Molecular Neurobiology

, Volume 55, Issue 5, pp 4136–4159 | Cite as

Protein Kinase Cδ Gene Depletion Protects Against Methamphetamine-Induced Impairments in Recognition Memory and ERK1/2 Signaling via Upregulation of Glutathione Peroxidase-1 Gene

  • The-Vinh Tran
  • Eun-Joo Shin
  • Lan Thuy Ty Nguyen
  • Youngho Lee
  • Dae-Joong Kim
  • Ji Hoon Jeong
  • Choon-Gon Jang
  • Seung-Yeol Nah
  • Kazuya Toriumi
  • Toshitaka Nabeshima
  • Kiyofumi Yamada
  • Hyoung-Chun Kim


Accumulating evidence has suggested that repeated treatment with methamphetamine (MA) resulted in cognitive impairments. Importantly, we show that selective upregulation of protein kinase Cδ (PKCδ) in the prefrontal cortex (PFC) of wild-type mice persisted for 28 days post withdrawal of MA. On day 28, the MA-induced increase in phospho-PKCδ expression and decrease in phospho-ERK1/2 expression were significantly attenuated by both the Src inhibitor PP2 and the dopamine D1 receptor antagonist SCH 23390. However, neither protein kinase A inhibitor H89 nor calmodulin-dependent protein kinase II inhibitor KN93 attenuated MA-induced alterations in phospho-PKCδ expression and phospho-ERK1/2 expression. Since PKCδ knockout (KO) significantly increased the expression of glutathione peroxidase (GPx)-1, we also utilized GPx-1 KO and GPx-1-overexpressing transgenic (GPx-1 TG) mice. Repeated MA treatment induced cognitive impairment, as assessed by the novel object recognition test. Moreover, the extent of cognitive impairment correlated with the extent of increased phospho-PKCδ expression and decreased GPx1 expression. In the absence of MA, exposure to novel objects increased phospho-ERK1/2 and GPx-1 expression in the PFC; however, these expression levels were decreased in the presence of MA. PKCδ KO and GPx-1 TG mice each exhibited significantly attenuated MA-induced decreases in phospho-ERK1/2 and GPx-1 expression. Consistently, PKCδ inhibition induces GPx/GSH-dependent antioxidant systems. More importantly, the antipsychotic drug clozapine significantly protected against cognitive impairment and was associated with alterations in phospho-ERK1/2 and phospho-PKCδ expression. However, GPx-1 KO potentiated MA-induced cognitive deficits and alterations in phospho-ERK1/2 and phospho-PKCδ expression. These results suggest that MA induces cognitive impairment by inhibiting ERK1/2 signaling, activating PKCδ, and inactivating GPx-1 by upregulating Src kinase or the D1 receptor. They also suggest that clozapine requires activation of ERK1/2 signaling via positive modulation between the phospho-PKCδ and GPx-1 genes to restore cognitive function.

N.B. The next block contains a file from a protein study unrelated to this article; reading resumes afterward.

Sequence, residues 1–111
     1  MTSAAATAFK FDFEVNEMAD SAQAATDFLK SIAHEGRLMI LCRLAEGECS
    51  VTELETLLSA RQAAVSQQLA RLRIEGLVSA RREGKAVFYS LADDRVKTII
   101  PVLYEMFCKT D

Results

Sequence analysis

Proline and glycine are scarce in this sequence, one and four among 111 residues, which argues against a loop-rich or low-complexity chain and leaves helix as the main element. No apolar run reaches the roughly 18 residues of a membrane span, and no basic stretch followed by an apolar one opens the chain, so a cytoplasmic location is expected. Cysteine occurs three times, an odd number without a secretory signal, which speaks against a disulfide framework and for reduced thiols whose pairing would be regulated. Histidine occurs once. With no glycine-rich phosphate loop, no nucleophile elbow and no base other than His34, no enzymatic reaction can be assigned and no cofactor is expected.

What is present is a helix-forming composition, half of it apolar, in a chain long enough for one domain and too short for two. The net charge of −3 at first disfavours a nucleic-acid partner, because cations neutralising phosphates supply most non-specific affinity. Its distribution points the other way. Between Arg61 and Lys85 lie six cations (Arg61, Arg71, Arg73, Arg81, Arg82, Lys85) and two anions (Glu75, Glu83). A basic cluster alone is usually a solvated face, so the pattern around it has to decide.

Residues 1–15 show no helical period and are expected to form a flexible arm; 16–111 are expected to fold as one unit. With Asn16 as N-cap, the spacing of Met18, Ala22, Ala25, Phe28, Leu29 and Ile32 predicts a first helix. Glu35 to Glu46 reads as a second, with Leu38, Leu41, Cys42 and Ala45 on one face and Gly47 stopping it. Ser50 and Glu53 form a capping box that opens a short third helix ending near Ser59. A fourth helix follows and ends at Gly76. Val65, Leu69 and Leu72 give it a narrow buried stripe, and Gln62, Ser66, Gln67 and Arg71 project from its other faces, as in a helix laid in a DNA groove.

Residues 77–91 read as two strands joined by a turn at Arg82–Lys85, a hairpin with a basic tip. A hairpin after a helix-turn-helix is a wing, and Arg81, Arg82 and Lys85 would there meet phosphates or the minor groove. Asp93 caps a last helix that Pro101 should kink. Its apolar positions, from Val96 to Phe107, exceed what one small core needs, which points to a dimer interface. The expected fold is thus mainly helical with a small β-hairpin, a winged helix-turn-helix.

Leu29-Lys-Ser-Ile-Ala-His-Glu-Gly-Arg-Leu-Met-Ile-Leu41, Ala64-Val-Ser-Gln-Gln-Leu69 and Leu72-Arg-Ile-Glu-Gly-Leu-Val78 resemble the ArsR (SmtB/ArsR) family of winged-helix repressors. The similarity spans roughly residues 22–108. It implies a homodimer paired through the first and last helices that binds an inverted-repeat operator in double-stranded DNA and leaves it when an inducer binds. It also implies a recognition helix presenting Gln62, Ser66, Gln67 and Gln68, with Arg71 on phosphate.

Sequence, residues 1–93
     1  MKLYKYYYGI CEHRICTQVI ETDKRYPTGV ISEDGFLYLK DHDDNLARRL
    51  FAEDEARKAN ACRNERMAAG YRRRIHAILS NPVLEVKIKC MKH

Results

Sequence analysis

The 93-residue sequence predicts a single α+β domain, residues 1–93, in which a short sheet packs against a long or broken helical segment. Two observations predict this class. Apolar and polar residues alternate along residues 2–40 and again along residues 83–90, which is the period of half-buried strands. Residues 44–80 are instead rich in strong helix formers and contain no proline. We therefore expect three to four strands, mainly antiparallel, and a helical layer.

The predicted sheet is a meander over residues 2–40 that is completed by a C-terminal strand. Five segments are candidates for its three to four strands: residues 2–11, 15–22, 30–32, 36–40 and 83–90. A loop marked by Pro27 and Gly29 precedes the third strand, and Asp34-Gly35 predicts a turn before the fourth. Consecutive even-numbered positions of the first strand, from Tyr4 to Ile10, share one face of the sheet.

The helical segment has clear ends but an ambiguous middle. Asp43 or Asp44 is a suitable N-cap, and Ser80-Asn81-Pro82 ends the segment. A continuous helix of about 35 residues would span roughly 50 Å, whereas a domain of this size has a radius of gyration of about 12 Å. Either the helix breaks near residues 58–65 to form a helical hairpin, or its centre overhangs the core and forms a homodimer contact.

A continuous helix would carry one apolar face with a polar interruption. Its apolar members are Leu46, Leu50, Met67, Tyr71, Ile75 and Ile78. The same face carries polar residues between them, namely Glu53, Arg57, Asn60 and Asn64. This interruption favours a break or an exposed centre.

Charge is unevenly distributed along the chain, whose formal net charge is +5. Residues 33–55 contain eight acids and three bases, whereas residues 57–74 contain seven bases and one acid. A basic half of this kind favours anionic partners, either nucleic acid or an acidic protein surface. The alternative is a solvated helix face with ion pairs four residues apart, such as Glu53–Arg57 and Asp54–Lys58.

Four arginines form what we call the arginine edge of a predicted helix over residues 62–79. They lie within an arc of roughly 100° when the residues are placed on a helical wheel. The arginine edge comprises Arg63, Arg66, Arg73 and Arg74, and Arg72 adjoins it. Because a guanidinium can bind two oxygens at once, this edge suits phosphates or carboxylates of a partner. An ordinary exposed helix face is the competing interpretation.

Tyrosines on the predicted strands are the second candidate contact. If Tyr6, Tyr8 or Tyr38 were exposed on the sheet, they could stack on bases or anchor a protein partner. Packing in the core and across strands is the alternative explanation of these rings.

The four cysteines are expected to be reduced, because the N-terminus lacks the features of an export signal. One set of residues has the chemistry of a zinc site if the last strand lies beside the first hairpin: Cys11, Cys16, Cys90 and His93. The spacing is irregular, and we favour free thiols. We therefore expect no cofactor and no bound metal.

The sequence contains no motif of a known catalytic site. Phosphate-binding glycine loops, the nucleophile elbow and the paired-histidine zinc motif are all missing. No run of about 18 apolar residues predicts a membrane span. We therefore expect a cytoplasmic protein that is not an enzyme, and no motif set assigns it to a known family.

Methamphetamine-induced cognitive impairment Prefrontal cortex Novel object recognition test Protein kinase Cδ Glutathione peroxidasex-1 ERK1/2 signaling Antipsychotic clozapine 



Acetylcholine esterase


Abelson tyrosine kinase


Ca2+/calmodulin-dependent protein kinase II


Choline acetyl transferase


cAMP response binding protein


Dimethyl sulfoxide


DNA-dependent protein kinase


ETS-like gene-1


Extracellular signal-regulated kinases 1/2


Glial fibrillary acidic protein


Glutathione peroxidase-1




Glutathione disulfide


Human checkpoint protein Rad9


Ionized calcium-binding adapter molecule 1






Mitogen-activated protein kinase


Neuronal nuclei


Nuclear factor kappa B


Novel object recognition test


Nuclear factor (erythroid-derived 2)-like 2


Prefrontal cortex


Protein kinase A


Protein kinase C delta


Phospholipid scramblase 3


Src homology 2-containing tyrosine phosphatase 1

Src kinase

Proto-oncogene tyrosine-protein kinase Src


Signal transducer and activator of transcription 1


Trace amine associated receptor 1


Overexpressing transgenic


Wild type



This study was supported by a grant (14182MFDS979) from the Korea Food and Drug Administration, Republic of Korea, and in part by JSPS KAKENHI Grants (No. 26460240, 16K10195) from the Ministry of Education, Culture, Sports, Science and Technology of Japan, and a grant-in-aid of SRF. The-Vinh Tran and Lan Thuy Ty Nguyen were supported by the BK21 PLUS program.

Compliance with Ethical Standards

All the mice were treated in strict accordance with the NIH Guide for the Humane Care and Use of Laboratory Animals.

Conflicts of Interest

The authors declare that they have no conflicts of interest.

Supplementary material

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ESM 1 (DOCX 37 kb)


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Copyright information

© Springer Science+Business Media New York 2017

Authors and Affiliations

  • The-Vinh Tran
    • 1
  • Eun-Joo Shin
    • 1
  • Lan Thuy Ty Nguyen
    • 1
  • Youngho Lee
    • 1
  • Dae-Joong Kim
    • 2
  • Ji Hoon Jeong
    • 3
  • Choon-Gon Jang
    • 4
  • Seung-Yeol Nah
    • 5
  • Kazuya Toriumi
    • 6
  • Toshitaka Nabeshima
    • 7
  • Kiyofumi Yamada
    • 8
  • Hyoung-Chun Kim
    • 1
  1. 1.Neuropsychopharmacology and Toxicology Program, College of PharmacyKangwon National UniversityChunchonRepublic of Korea
  2. 2.Department of Anatomy and Cell Biology, Medical SchoolKangwon National UniversityChunchonRepublic of Korea
  3. 3.Department of Pharmacology, College of MedicineChung-Ang UniversitySeoulRepublic of Korea
  4. 4.Department of Pharmacology, School of PharmacySungkyunkwan UniversitySuwonSouth Korea
  5. 5.Ginsentology Research Laboratory and Department of Physiology, College of Veterinary Medicine and Bio/Molecular Informatics CenterKonkuk UniversitySeoulRepublic of Korea
  6. 6.Project for Schizophrenia Research, Department of Psychiatry and Behavioral SciencesTokyo Metropolitan Institute of Medical ScienceTokyoJapan
  7. 7.Advanced Diagnostic System Research LaboratoryFujita Health University Graduate School of Health SciencesToyoakeJapan
  8. 8.Department of Neuropsychopharmacology and Hospital PharmacyNagoya University Graduate School of MedicineNagoyaJapan

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